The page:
I still struggle to understand modern society’s need for labels and the consequent stereotypes we attach to them. We label people who only eat vegetables “vegetarians” and tend to assume they are all animal rights activists out to guilt-trip us meat eating, “environmentally insensitive” carnivores. And even within this elite group of “vegetarians” we have sub-groups like ovo-vegetarians, vegans, lacto-vegetarians, and so on, each with their corresponding image to live up to. Perhaps because it is human nature to want to “belong” that we do this, but it has really bothered me a lot that this labeling has even extended to the way we parent our children. We have come up with parenting labels like attachment parents, natural parents, continuum parents, dragon mothers, earthy mamas, etc. In the midst of all this, shall we say, “name calling”, we have inadvertently managed to alienate mothers who don’t fit our descriptions for each so-called “parenting type”. With all these labels we see online “mommy wars”, we read blogs on all sorts of parenting, and we read the ensuing debate on their comment boxes. I practice what we have labeled “attachment parenting”, and I actually advocate for its practices, but then I have nothing against parents who don’t co-sleep or baby wear or breastfeed, and I seriously don’t agree we can call them detached parents.
Attachment parenting calls for listening and responding to your child’s needs, to nurture them and be present for them and respect them and love them. But isn’t that what every parent should do? So why do we need the term attachment parenting? Can’t we just call it parenting? After all, aren’t these what parenting should be all about?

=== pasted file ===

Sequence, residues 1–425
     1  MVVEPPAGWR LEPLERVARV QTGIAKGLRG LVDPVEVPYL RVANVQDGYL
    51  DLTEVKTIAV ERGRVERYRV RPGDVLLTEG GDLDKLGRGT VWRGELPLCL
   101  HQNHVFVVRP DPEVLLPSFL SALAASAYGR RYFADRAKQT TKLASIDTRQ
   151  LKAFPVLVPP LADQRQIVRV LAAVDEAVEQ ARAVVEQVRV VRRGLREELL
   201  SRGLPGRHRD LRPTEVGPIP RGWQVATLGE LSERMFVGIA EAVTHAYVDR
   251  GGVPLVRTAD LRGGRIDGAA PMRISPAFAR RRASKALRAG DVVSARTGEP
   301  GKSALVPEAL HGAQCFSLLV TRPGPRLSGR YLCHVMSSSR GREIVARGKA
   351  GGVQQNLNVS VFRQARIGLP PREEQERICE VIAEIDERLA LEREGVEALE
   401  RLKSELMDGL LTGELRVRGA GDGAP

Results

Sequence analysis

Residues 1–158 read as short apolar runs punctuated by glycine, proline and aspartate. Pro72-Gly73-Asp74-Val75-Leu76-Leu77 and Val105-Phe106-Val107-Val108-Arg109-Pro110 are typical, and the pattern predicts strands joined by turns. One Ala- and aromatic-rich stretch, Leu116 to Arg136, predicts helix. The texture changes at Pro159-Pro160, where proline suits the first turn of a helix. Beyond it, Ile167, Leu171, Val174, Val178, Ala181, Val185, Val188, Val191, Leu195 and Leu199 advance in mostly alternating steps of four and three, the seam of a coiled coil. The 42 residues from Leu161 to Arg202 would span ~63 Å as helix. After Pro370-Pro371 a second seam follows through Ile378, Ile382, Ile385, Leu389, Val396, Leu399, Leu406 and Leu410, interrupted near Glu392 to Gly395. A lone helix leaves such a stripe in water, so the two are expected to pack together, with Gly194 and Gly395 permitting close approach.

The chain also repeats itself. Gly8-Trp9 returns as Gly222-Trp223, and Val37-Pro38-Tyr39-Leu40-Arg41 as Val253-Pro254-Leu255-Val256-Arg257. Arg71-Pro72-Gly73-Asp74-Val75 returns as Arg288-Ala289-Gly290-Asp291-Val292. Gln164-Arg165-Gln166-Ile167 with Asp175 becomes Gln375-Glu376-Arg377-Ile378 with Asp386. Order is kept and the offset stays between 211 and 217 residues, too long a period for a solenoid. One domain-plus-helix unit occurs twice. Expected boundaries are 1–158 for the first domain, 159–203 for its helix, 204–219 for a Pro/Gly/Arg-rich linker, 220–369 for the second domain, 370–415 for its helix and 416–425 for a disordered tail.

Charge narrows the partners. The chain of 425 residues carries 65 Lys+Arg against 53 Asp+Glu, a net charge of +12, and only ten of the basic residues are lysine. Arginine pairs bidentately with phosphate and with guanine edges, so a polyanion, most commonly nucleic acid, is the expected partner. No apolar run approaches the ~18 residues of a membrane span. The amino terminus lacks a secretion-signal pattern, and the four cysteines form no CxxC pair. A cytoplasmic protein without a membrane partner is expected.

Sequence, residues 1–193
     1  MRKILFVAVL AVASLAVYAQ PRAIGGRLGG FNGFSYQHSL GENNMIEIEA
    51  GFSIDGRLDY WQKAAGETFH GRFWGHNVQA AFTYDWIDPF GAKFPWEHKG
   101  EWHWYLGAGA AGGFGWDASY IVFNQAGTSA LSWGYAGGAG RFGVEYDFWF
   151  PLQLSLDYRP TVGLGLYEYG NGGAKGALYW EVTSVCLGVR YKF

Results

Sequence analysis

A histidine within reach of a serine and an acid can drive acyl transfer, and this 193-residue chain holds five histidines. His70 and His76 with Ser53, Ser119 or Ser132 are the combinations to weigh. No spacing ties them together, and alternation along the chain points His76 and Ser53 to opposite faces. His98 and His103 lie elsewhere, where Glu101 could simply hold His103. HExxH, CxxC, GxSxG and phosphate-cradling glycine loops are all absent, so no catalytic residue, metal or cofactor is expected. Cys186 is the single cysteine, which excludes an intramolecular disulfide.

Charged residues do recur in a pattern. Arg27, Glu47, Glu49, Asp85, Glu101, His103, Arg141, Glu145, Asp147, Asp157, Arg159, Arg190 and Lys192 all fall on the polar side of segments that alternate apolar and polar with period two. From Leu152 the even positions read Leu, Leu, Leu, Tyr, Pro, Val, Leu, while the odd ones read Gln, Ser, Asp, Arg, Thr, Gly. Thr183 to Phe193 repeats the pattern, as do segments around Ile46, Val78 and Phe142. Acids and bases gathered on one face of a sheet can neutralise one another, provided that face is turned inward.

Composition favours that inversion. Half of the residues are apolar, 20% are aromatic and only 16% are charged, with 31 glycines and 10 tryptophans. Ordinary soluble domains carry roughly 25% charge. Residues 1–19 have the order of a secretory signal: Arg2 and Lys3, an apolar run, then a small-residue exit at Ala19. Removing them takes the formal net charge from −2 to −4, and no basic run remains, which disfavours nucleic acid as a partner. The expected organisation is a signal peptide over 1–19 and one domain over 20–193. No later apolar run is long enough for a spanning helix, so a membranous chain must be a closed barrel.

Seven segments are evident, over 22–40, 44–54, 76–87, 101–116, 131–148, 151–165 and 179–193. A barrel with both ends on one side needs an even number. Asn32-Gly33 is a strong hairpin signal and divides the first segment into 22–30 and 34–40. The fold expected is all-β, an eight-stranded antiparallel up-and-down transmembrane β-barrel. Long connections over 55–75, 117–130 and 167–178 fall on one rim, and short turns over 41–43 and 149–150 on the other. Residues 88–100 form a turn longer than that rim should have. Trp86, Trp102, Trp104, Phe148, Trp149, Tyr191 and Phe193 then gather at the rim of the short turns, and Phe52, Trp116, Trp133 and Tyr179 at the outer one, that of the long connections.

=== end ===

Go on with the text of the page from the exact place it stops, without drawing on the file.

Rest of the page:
I find it sad really that we have become so caught up in trying to live-up to so called “ideal” standards that we sometimes forget that at the end of the day, we all do our best to be the best parents we can possibly be. Not all so-called “practices” of AP work for all families. Just because you don’t co-sleep, doesn’t automatically mean you don’t love your children any less. Just because you don’t breastfeed, it doesn’t make you any less a mother. If attachment parenting is all about raising emotionally secure and socially responsible human beings, then I say that is parenting. No need for qualifying adjectives that may discriminate or inadvertently pass judgment on others. Labels and so called styles help to distinguish particular techniques that may help us in our parenting journey, but they are in no way definitive of who we are as parents.
It has been said that it takes a village to raise a child, now if only our global community could decide on truly coming together in support of parenting, without passing judgment on how each family is raised, without discriminating attachment from continuum or natural, we could be a better world for it. If the goal of parenting is to raise the next generation of human beings to be better persons than who we are now, we can look forward to a truly brighter future for mankind. Attachment parenting is parenting, in every sense of the word. And so is natural parenting, continuum parenting, social parenting and so is whatever other label we have attached to parenting. Perhaps the question we should all consider as parents is not on what parenting style we employ but rather how do we use all the studies, techniques, practices and philosophies of each movement to become the best parents we can possibly be for our own children.